Posted 6 years and 11 months agoby Dennis A. W. Fordham
Topic: Trusts and Estates
A General Assignment of Assets to one’s Living Trust can help avoid a Probate.
Re-titling assets, like stock and bonds, from one’s name into one’s living trust is necessary to avoiding an unnecessary probate of such assets if held outside of the trust. Sometimes people fail to transfer some or all of their intended trust assets into their trust. A general assignment of assets to one’s living trust provides an important safeguard. Let’s examine what a general assignment is and how it helps to fund one’s trust and avoid a probate.
A general assignment of assets transfers ownership on a wide variety of assets as the name implies. An all encompassing general assignment is regularly used by estate planners to transfer all types of financial assets (excluding tax deferred retirement accounts) and personal property (such as the contents of one’s home) into the trust. It is a half-step towards actually re-titling the securities and the financial accounts into the name of the trustee. Nevertheless, the settlor should still proceed to contact the banks, brokerages, and stock transfer agents (as relevant) to formally transfer legal title into the name of the trustee. But, in the event that the formal legal title is not transferred prior to death, the general assignment can be used to obtain a court order to transfer legal title into the trust.
In Kucker v. Kucker, (2011), 192 CA 4th, 90, the Court of Appeal reversed a trial court decision wherein the trial court disallowed a petition to transfer stocks into a trust based on a general assignment of all assets by the settlor to the trustee. The Court of Appeal agreed with the petitioner that a general assignment of all or substantially all of the settlor’s assets into one’s trust does cause the stocks to be owned by the trustee. An otherwise unnecessary probate was thus avoided thanks to a general assignment by the settlor.
Similarly, a declaration of trust by a settlor to hold certain assets listed on a schedule of pledged assets attached to a trust document can likewise be used to accomplish the same result. Most attorneys use a schedule of initial trust assets and a general assignment to reinforce one-another. Moreover, unlike the general assignment, the schedule of trust assets will also include the real estate – together with a full legal description — for the same reason. That is, if a trust transfer deed is not properly executed prior to the settlor’s death, then the schedule of initial trust assets to a declaration of trust can be used to petition the court to transfer legal title into the trust without a probate.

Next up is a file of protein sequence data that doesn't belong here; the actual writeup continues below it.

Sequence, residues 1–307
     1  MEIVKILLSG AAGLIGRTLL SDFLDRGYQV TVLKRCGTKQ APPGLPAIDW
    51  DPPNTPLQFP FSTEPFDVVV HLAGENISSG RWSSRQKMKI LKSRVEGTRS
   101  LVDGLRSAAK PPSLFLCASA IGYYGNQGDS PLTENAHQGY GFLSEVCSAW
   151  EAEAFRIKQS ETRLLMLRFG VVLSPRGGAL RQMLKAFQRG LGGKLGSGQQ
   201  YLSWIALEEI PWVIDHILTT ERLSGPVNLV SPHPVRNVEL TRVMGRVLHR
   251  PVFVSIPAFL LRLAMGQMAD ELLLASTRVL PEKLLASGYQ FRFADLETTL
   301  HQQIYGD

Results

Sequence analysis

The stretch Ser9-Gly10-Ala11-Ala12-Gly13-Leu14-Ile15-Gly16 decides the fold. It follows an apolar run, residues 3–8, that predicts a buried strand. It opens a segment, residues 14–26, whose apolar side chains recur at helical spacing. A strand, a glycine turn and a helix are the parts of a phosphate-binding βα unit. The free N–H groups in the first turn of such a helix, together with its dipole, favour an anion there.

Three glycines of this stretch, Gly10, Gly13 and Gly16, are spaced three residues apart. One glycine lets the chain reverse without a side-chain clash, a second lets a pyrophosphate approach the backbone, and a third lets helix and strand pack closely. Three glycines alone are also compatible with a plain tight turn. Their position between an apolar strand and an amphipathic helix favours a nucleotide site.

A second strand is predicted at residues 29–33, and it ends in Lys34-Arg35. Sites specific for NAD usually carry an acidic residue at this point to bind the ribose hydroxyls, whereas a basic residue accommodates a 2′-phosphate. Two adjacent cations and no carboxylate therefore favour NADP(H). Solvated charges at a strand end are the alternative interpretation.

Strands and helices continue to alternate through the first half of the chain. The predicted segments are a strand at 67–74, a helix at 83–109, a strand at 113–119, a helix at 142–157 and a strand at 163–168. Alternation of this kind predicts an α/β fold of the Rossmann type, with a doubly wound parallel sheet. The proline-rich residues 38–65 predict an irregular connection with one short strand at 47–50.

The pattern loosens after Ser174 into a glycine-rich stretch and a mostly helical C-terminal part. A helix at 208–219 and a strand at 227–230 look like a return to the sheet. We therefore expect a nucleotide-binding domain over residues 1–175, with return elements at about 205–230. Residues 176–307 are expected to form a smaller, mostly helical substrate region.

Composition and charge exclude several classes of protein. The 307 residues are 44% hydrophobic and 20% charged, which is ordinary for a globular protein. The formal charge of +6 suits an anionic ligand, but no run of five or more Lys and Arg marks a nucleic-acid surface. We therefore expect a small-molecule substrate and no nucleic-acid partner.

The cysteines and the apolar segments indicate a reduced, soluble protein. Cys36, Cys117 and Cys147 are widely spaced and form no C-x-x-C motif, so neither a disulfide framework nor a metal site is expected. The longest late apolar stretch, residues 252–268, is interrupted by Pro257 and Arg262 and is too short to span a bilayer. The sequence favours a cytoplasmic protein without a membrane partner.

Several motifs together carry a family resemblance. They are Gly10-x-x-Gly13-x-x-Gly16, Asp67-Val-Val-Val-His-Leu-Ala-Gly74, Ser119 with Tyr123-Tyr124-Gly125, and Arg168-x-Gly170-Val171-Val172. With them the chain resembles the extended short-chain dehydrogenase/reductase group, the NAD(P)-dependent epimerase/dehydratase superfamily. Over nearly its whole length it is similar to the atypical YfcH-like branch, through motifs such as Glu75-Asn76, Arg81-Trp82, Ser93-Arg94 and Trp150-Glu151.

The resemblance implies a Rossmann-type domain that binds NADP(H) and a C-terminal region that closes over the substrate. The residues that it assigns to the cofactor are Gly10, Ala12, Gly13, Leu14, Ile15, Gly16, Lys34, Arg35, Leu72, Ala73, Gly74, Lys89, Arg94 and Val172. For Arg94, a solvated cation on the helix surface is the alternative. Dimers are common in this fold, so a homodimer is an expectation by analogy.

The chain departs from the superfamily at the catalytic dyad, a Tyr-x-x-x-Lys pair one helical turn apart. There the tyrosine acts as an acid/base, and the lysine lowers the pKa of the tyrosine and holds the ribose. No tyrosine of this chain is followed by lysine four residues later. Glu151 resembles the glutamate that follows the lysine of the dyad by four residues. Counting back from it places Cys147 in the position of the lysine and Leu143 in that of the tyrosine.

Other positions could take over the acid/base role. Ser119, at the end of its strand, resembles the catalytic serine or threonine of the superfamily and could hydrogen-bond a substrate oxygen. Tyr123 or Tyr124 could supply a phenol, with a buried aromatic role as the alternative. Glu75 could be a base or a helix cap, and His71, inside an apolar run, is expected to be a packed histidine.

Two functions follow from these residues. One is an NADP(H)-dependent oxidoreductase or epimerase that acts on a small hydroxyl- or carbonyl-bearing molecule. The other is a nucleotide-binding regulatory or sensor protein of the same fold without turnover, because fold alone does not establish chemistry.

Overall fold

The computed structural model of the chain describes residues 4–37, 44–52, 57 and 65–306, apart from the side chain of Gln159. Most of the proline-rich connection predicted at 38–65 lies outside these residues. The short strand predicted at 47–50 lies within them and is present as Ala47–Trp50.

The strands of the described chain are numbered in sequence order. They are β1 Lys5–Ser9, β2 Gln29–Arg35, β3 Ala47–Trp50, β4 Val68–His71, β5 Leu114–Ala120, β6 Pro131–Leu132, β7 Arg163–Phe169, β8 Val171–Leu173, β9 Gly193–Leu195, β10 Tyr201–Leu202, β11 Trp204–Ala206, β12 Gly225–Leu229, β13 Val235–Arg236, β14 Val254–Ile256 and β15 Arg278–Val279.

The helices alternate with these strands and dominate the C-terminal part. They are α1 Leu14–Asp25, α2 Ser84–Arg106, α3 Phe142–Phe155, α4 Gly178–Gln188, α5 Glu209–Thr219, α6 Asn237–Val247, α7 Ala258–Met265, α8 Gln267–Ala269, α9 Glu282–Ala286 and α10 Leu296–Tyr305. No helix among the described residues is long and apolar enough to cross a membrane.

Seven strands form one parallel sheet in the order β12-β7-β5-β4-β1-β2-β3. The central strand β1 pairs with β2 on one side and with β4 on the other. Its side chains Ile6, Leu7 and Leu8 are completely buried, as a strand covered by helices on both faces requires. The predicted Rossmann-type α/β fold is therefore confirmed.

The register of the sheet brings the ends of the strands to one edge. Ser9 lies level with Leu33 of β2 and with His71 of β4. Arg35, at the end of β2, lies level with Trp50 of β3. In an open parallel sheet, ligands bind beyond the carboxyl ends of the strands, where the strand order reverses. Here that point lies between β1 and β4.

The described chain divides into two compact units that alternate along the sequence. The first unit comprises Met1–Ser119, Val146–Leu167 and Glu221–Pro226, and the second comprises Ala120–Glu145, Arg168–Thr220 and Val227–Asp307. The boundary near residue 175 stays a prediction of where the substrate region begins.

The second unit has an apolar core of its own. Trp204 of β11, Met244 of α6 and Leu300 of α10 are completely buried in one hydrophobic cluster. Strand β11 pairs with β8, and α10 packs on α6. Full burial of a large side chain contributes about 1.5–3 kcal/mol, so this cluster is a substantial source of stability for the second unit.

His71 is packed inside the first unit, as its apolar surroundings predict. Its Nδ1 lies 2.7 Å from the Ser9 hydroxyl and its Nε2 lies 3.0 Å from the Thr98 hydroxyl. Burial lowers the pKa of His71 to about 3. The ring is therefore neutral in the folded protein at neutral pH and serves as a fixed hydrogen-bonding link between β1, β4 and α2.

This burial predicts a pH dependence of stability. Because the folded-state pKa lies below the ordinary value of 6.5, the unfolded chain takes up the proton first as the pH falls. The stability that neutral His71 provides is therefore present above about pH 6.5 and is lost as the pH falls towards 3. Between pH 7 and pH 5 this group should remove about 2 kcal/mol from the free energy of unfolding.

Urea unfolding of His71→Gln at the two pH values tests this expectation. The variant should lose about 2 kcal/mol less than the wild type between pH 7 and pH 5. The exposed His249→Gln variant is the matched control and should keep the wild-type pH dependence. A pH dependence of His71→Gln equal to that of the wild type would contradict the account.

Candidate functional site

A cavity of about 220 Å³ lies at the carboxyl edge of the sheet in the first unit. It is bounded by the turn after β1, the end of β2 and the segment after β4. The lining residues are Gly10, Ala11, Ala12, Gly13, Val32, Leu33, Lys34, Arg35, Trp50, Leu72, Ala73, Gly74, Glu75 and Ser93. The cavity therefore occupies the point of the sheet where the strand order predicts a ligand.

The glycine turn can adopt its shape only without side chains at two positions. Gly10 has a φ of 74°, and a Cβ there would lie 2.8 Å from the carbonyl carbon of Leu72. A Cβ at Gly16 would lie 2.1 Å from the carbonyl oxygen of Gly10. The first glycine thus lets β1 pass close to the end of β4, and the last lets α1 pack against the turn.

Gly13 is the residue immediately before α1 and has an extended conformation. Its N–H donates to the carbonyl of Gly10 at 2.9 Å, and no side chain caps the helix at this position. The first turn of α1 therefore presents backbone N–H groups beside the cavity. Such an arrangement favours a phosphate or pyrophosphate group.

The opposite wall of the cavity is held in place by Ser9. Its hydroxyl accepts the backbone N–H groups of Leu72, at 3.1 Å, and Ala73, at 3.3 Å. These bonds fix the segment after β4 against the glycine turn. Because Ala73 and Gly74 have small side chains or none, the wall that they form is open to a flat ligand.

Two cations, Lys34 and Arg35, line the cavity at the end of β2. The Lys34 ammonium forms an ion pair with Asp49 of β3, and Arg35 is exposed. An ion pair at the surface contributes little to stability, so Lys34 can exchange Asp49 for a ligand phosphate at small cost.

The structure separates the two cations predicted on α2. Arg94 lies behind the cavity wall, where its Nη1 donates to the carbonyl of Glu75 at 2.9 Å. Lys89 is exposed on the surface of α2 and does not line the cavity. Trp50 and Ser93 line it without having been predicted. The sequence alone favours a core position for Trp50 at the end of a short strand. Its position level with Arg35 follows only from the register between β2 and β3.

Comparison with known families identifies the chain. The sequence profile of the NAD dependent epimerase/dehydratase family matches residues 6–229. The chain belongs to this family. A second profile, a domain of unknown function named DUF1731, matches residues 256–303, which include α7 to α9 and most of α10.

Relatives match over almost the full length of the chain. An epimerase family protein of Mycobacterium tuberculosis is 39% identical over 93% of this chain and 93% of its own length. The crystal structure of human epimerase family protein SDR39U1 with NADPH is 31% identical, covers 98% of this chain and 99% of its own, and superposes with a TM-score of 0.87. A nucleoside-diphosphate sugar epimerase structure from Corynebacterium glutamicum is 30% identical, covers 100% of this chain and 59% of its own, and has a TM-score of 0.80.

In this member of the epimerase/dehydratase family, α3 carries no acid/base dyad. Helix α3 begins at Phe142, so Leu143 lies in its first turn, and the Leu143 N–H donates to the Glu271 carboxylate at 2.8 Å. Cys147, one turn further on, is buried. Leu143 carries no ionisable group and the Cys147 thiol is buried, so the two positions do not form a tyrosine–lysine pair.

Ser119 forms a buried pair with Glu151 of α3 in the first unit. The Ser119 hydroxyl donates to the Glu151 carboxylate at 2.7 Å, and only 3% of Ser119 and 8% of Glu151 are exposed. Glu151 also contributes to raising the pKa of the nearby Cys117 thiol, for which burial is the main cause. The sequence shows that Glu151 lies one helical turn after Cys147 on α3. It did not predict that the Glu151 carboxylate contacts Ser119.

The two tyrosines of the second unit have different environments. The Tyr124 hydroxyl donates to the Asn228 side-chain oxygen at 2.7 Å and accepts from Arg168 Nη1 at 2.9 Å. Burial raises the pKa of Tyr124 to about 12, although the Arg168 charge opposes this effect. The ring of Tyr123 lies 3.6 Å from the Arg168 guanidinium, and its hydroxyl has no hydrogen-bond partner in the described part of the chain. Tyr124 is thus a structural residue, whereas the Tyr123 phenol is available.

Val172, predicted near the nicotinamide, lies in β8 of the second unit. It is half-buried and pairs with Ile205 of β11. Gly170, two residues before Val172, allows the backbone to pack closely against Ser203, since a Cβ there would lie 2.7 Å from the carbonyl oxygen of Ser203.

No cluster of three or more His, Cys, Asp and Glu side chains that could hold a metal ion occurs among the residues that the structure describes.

While the general assignment and the declaration of trust are important safeguards against the failure to formally transfer title to trust assets while the settlor is still alive and competent, such safeguards are just safeguards. The better course of action is to see that one’s real estate, stocks and bonds, and financial accounts (and other trust assets) are properly titled in the name of the trustee of one’s trust. After all, filing a court petition entails further expenses and delay in the administration of the trust that can be avoided.
Re-titling assets, like stock and bonds, from one’s name into one’s living trust is necessary to avoiding an unnecessary probate of such assets if held outside of the trust. Sometimes people fail to transfer some or all of their intended trust assets into their trust. A general assignment of assets to one’s living trust provides an important safeguard. Let’s examine what a general assignment is and how it helps to fund one’s trust and avoid a prob
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By Harry S. Margolis
If you sign a document saying that all of your assets will go into your revocable trust, will this work to fund the trust and avoid probate, or do you need to retitle each asset and account individually? In the California case of Kucker v. Kucker, the California Appeals Court answered in the affirmative, saying (with some caveats) that the general assignment worked.
Mona Berkowitz, age 84, executed a revocable trust and a general assignment of all of her personal property to the trust. Personal property includes bank accounts, investment accounts, cash, and personal belongings, such as furniture, artwork, clothing, and jewelry.
At issue in this case was whether the general assignment covered certain stock. There was a specific assignment of other stock, but one company was inadvertantly left off the form. If it was not covered by the general assignment, Ms. Berkowitz's estate would have to be probated and the stock might pass to someone different, depending on the terms of her will and trust.
The trial court determined that the general assignment did not cover the stock. But on appeal, the Californial Court of Appeals reversed determining that (1) there is no California law prohibiting the assignment of stock to a trust through a general assignment and (2) that it was clear that Ms. Berkowitz intended to transfer all of her property to the trust. The Court commented that this finding would be different if real estate were involved.
While this case seems to have worked out for Ms. Berkowitz's intended heirs, we counsel clients to go the extra step of changing title to property they want to include so that there's no question that it has been transferred to the trust. And, of course, this case only applies in California.